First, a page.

More than 1,000 miles and five state borders separate Williams County, Ohio, from Clark County, Kansas. A relief effort several weeks in the making will unite farmers and ranchers from these two regions forever.
Recently—a month after the Starbuck Wildfire swept through portions of Texas, Oklahoma and Kansas—a convoy of 30 trucks packed with supplies from Ohio producers rolled into Ashland, said Ward Gamboe, who raises cattle and drives a truck near West Unity, Ohio.
Gamboe explained that a small group of growers from his area of Ohio just felt compelled to help. They worried the wildfires may have broken the spirit of some of the ranchers and that getting a boost from producers in other parts of the country would be helpful, Gamboe explained.
“We were kind of offended by the lack of national media coverage of the wildfire, to be honest,” he said. The girlfriend of one of his buddies jumped in with both feet “…and said, let’s do it,” he added. “There were four of us initially and it kind of snowballed.”
Social media became a powerful tool to rally additional donations in Ohio, he added. Posts on the social media site Facebook kept the Ohio group updated on needs, scheduling and logistics. The effort took several weeks to pull together. In all, 28 trucks held hay, one truck carried more than 60,000 pounds of feed supplies and another truck was packed with fencing supplies. Operators drove 20 hours straight through. In Ohio, the hours of service rules were waived. “Every state honored that waiver,” Gamboe said.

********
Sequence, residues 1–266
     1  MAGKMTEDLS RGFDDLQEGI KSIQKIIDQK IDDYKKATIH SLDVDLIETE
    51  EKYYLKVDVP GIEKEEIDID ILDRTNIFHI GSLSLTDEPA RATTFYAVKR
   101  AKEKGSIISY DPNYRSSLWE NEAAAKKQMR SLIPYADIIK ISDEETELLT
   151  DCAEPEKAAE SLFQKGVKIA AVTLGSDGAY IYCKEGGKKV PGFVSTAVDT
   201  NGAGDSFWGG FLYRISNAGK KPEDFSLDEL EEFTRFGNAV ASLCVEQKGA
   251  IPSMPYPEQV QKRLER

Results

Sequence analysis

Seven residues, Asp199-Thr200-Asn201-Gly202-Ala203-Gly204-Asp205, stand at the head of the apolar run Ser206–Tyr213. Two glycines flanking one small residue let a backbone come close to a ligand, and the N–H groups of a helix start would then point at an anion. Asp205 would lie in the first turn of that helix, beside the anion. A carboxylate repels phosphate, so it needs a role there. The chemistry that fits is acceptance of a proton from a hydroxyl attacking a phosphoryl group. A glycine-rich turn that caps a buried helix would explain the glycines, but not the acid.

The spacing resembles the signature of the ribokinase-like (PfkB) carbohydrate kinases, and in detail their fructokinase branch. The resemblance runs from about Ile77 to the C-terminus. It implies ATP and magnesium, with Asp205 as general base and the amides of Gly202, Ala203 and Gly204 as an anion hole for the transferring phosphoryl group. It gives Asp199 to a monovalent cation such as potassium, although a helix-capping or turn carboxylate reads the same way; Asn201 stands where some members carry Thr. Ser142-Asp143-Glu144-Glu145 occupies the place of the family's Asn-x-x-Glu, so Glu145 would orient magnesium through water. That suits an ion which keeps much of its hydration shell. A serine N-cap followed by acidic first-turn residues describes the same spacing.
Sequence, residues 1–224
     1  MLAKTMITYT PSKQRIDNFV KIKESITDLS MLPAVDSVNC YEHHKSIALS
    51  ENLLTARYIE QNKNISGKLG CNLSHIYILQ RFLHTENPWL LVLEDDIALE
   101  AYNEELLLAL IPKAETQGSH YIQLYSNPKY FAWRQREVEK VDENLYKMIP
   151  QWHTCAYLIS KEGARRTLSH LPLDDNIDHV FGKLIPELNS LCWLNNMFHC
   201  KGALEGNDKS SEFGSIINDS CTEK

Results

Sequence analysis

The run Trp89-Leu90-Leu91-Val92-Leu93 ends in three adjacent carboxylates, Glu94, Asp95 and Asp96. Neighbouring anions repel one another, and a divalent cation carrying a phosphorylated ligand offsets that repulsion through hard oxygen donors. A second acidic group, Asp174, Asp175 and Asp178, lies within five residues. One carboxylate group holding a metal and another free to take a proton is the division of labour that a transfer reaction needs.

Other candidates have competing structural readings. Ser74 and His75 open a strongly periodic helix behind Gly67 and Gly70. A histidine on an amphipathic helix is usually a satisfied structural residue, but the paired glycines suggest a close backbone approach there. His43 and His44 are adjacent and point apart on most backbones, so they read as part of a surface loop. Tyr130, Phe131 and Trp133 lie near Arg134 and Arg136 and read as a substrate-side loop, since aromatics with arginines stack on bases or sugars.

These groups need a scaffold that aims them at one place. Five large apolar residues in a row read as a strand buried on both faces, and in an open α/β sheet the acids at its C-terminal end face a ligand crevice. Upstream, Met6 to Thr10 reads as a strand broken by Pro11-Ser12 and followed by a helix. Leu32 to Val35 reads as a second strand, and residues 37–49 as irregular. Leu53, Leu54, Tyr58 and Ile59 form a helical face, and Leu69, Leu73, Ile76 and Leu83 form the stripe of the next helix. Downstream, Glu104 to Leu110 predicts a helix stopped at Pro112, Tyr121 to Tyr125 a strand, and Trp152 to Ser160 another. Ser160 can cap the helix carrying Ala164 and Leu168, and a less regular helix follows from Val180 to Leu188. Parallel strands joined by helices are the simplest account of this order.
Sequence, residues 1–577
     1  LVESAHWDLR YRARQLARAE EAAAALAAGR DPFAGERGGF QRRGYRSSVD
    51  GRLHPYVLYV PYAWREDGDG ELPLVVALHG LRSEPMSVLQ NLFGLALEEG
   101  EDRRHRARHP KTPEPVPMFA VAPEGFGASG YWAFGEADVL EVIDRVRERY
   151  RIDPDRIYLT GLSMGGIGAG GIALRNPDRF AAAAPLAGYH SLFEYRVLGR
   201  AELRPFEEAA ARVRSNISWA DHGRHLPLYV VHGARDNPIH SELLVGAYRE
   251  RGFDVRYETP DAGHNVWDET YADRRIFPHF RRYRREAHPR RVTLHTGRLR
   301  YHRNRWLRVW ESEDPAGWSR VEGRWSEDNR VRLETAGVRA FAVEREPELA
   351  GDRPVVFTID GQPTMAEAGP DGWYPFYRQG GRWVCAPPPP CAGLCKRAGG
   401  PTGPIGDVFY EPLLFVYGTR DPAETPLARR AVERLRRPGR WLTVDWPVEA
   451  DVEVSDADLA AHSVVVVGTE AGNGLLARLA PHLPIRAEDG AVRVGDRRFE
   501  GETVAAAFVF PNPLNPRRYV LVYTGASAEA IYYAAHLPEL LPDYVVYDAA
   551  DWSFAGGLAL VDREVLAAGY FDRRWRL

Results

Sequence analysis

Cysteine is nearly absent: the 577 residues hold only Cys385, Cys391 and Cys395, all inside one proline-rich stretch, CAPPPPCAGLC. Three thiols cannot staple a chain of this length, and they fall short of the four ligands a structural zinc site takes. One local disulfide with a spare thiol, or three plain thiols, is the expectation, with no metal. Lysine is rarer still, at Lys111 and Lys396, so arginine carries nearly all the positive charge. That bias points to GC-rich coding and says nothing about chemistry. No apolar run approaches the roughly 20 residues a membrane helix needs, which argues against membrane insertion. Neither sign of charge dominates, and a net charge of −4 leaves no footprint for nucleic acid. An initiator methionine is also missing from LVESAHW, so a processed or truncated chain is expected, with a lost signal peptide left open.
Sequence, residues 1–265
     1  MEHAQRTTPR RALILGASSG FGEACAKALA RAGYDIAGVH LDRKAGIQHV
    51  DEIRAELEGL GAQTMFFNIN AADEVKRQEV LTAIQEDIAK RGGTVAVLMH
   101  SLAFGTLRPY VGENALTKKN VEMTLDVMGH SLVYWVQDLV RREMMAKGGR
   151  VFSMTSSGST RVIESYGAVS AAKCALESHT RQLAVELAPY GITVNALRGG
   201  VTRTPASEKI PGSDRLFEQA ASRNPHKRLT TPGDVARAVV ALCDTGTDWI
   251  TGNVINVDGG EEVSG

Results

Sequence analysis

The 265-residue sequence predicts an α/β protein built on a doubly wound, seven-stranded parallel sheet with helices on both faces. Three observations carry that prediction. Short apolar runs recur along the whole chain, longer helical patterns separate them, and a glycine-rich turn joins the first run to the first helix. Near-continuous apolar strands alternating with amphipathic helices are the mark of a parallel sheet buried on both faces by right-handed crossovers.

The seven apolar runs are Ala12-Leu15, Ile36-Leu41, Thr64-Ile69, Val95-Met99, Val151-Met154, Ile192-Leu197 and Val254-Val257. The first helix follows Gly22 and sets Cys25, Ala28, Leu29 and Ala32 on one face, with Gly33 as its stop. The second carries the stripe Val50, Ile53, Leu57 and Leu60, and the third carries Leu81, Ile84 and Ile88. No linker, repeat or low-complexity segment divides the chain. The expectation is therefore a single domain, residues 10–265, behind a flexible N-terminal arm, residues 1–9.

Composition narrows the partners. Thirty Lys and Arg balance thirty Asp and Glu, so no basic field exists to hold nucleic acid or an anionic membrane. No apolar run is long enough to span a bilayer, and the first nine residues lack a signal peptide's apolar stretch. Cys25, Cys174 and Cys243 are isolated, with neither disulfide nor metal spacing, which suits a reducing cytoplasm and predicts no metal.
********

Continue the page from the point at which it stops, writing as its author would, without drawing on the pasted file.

The convoy rolled into Ashland April 8, with fencing supplies, feed replacer and mineral were dropped at the Ashland Feed and Seed site just south of Ashland. Volunteers wrote messages of encouragement and requests to pay the good deed forward on a lot of the bags of feed, Gamboe said.
Trucks loaded with hay were directed to several different ranches where feed needs were greatest. Gamboe’s truck and trailer—packed with 1,000 small square bales of alfalfa and grass hay—went to a ranch west of town. “The rancher there didn’t say much at all, but he was out there helping us unload hay,” Gamboe said.
By the time the convoy reached southern Kansas, 6 inches of rain had fallen on the affected region, which was beginning to turn green with new flushes of grass. Gamboe said he knew there would be a long road ahead for fire victims, but the Ohio group hoped their effort would help in some way.
“These people are tough. They didn’t want any help, but we came at ‘em, whether they wanted it or not,” said Gamboe, who lived for a while in Beaver County, Oklahoma. Regardless of where they are from, farmers and ranchers are the first to help each other out of a bind, he said. “It’s no big deal. It’s just what we do.”
Bill Spiegel can be reached at 785-587-7796 or firstname.lastname@example.org.